Review: Pepperland @ The Lowry, Salford

“We hope you have enjoyed the show”, musician Clinton Curtis sung to all those present at The Lowry on Friday, concluding this innovative take on one of The Beatles’ masterpieces with a homage to the timeless title track on Sgt. Pepper’s Lonely Hearts Club Band.

The theatre was hit by a vibrant array of warmth, colour and energy, a performance less about the group’s music than it was about choreography, creativity and sheer originality.

The truth is, Pepperland isn’t really about The Beatles. Granted, the soundtrack to accompany this spellbinding, one-hour dancing bonanza was – in loose terms – adapted versions of the tracks on the group’s groundbreaking 1967 album, but the reality is that Mark Morris’ creation represents more of a celebration of something completely different.

Despite composer Ethan Iverson’s inventive new score, this was all about the dance. For an uninterrupted hour, The Lowry audience were hooked by Morris’ idiosyncratically-designed routines, allowing his performers to express their creativity and produce a display that pays homage to The Beatles in a way never done so before.

If you came to the theatre expecting an identifiable tribute to The Beatles that merely recycled Sgt. Pepper’s most iconic tracks, think again. Morris’ routines were accompanied by compositions that – at times – bore little resemblance to the group’s music, haunting renditions of songs that progressed at the perfect tempo to keep us all captivated throughout the show’s duration.

That said, this was still a fitting tribute to the world’s most influential pop group. 52 years on from the release of the album, Pepperland perfectly captured the warmth, joy, buoyancy and charm that The Beatles brought us all, sprinkled with a hint of those psychedelic influences that become increasingly associated with their later work.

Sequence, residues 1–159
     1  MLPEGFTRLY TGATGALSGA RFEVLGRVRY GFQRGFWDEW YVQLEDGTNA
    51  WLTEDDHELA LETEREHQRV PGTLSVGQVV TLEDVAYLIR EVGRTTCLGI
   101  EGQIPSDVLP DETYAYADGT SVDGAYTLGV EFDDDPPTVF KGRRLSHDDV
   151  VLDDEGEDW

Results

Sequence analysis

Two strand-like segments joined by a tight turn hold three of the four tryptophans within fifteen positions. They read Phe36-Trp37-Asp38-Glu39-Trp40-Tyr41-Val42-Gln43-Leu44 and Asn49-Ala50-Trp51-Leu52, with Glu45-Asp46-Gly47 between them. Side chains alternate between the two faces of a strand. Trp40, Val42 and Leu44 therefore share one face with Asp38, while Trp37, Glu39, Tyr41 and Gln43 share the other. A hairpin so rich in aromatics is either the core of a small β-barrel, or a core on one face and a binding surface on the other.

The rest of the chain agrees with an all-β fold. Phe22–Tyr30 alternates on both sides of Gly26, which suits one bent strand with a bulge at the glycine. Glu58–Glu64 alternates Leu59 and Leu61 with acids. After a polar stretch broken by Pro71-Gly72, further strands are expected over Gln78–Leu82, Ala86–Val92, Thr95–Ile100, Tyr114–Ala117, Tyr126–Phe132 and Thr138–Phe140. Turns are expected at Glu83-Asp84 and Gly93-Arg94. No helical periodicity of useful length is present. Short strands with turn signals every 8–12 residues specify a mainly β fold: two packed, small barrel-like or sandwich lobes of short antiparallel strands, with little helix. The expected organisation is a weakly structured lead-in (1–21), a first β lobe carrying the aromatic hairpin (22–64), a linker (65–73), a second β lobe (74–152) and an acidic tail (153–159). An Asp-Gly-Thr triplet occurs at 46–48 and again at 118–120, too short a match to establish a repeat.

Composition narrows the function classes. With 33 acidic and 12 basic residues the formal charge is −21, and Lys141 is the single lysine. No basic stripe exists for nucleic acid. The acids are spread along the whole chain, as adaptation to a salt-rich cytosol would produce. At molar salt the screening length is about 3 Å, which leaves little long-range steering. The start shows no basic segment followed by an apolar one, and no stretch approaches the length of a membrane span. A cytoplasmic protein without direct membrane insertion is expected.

Taking a broadly chronological format throughout the album, Morris’ production opened with a unique rendition of its title track. On stage, the show’s 15 dancers jumped, swayed and marched in their distinctly jaunty fashion, immediately engaging all those in the auditorium and ensuring their attention for the rest of proceedings.

Then came the Ringo Starr-sung With a Little Help From My Friends, preceded by the dancers diligently assembling in an attempt to mimic that brilliant album cover designed by Sir Peter Blake. By this stage, it had become more than apparent this was not your run-of-the-mill Beatles tribute – but the audience were compelled.

Following its upbeat beginnings, the production began to enter its more psychedelic, drug-inspired phase, reflecting the augmented influence that hallucinogenics started to have on the group as the 1960s – and the album – progressed. George Harrison’s Within You Without You was accompanied by a captivatingly-choreographed routine, instilling a the show was a different, slightly eerier edge.

But the joyousness of The Beatles swiftly returned. The routine during during Iverson’s adapted version of Penny Lane – not a track on Sgt Pepper but also released in 1967 – was glorious, an exhibition in choreographical creativity that took the audience back to a united society where there were no fears of Brexit or economic hardship.

The production would not have been complete without a poignant rendition of A Day in the Life, the album’s closing track and undoubtedly its most influential. Here, the routines were more evocative than ever, with Morris allowing his performers to stand in unison and sing the track’s chorus together.

And, in what seemed like an instant, the hour was up, in many ways reflecting the epoch in which The Beatles dominated that came and went far too quickly. Morris himself made an appearance on stage before staying behind for an insightful question and answer session, enabling the audience to shine a light on the many hours of work that went into producing such a distinctively original performance.

In response to Curtis’ closing wishes, I think it’s safe to say that yes, we all enjoyed the show.

*Pepperland is showing at The Lowry, Salford until Saturday, March 30. You can buy tickets HERE.

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